“As you see, within our bodies each of us has the elements needed to produce phosphorus. And let me tell you something I've never told a soul. My grandmother had a very interesting story; she said that each of us is born with a box of matches inside us but we can't strike them all by ourselves; just as in the experiment, we need oxygen and a candle to help. In this case, the oxygen, for example, would come from the breath of the person you love; the candle could be any kind of food, music, caress, word, or sound that engenders the explosion that lights one of the matches. For a moment we are dazzled by an intense emotion. A pleasant warmth growths within us, fading slowly as time goes by, until a new explosion comes along to revive it. Each person has to discover what will set off those explosions in order to live, ...view middle of the document...
Thanks to her unusual birth, Tita felt a deep love for the kitchen, where she spent most of her life from the day she was born. (pg. 6)
“I am sure I will be, since through this marriage I have gained what I really wanted: the chance to be near you, the woman I really love...” For Tita, these words were like a fresh breeze fanning embers that had been about to die. She had had to hide her feelings for many months that her expressions now changed dramatically, and her relief and happiness were obvious. It was as if all her inner joy, which had nearly been extinguished, had suddenly been rekindled by Pedro's warm breath upon her neck, the hot touch of his hands upon her back, his chest pressed impulsively against her breats... She could have stayed in his arms forever, but a look form her mother made her pull away in a hurry.” (pg. 38)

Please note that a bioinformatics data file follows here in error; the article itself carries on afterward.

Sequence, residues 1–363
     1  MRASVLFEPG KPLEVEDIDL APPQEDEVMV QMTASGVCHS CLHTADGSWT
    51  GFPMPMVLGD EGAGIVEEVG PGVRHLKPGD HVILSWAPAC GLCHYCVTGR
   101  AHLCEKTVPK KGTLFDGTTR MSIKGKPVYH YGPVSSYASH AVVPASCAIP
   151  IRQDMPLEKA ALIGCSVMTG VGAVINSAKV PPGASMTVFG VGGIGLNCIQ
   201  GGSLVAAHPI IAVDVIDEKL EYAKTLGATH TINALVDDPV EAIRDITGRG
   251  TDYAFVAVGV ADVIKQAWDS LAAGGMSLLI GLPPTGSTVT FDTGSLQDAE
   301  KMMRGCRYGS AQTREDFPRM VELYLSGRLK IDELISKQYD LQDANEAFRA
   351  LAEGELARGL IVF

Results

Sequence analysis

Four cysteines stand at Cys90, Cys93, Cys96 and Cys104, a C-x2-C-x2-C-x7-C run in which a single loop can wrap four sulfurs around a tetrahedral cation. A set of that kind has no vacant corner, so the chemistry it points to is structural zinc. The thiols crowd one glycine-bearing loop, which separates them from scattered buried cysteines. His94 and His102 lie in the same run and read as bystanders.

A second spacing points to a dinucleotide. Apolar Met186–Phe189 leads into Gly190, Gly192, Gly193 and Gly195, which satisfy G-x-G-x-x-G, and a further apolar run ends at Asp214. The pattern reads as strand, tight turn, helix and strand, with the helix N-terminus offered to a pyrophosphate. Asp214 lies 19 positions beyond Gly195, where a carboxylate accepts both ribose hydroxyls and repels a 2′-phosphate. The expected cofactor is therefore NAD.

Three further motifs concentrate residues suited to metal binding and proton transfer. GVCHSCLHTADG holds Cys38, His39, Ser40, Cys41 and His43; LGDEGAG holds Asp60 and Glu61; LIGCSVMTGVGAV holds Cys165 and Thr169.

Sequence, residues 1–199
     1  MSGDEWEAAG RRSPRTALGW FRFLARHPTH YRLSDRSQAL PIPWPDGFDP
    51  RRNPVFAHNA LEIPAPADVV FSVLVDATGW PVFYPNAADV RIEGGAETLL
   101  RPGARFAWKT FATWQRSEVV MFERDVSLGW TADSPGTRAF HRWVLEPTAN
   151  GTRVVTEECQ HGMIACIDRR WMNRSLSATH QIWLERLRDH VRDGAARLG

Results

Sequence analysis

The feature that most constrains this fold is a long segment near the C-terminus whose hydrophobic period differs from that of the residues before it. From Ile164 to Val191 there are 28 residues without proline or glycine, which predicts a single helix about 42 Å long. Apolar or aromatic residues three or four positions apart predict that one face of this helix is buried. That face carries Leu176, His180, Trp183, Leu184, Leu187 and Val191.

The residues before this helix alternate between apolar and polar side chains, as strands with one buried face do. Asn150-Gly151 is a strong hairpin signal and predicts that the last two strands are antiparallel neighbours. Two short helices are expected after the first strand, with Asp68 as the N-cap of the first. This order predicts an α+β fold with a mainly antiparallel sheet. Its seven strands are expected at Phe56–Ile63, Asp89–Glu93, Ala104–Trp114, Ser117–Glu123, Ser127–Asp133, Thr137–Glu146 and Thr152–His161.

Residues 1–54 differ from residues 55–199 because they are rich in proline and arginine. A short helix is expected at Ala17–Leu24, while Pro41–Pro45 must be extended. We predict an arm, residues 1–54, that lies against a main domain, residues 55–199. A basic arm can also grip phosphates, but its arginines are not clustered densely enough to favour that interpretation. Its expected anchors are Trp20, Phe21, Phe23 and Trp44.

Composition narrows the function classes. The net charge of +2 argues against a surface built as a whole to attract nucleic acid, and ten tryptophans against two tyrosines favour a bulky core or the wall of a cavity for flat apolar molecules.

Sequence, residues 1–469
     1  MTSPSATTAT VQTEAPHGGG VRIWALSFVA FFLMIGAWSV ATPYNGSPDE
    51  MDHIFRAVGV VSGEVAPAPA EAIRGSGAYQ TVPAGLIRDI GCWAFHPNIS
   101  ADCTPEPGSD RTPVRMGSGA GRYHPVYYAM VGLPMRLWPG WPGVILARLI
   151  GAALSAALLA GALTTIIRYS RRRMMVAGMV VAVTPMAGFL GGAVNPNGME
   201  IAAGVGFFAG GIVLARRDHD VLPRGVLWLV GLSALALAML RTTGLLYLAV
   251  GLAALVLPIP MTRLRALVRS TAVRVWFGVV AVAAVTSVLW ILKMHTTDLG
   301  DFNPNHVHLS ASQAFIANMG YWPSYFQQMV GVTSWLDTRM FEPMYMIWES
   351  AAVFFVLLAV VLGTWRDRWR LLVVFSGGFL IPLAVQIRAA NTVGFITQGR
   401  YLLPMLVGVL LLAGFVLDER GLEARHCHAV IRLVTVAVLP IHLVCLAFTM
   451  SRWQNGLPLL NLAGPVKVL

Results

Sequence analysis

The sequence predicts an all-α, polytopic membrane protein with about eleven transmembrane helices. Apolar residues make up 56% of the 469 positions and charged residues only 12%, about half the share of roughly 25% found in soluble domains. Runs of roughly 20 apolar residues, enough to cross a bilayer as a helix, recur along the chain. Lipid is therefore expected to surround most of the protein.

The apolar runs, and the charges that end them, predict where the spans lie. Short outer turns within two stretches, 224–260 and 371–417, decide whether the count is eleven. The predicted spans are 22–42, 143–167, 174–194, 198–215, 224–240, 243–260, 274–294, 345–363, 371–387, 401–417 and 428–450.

“The moment they took their first bite of the cake, everyone was flooded with a great wave of longing. Even Pedro, usually so proper, was having trouble holding back his tears. Mama Elena, who hadn't shed a single tear over her husband's death, was sobbing silently. But the weeping was just the first symptom of a strange intoxication—an acute attack of pain and frustration—that seized the guests and scattered them across the patio and the grounds and in the bathrooms, all of them wailing over lost love.” (pg. 39)
“I don't know where Gertrudis got her sense of rhythm. Mother didn't like to dance, and Dad was a bad dancer.” - Rosaura
“I know who I am! I am a person who has a perfect right to live her life as she pleases. Once and for all, leave me alone; I won’t put up with you! I hate you! I hate you, I’ve always hated you!’ Tita had inspired the magic words that would make Mama Elena disappear forever. The imposing figure of her mother began to shrink until it became no more than a tiny light. As the ghost faded away, a sense of relief grew inside Tita’s body.” - Tita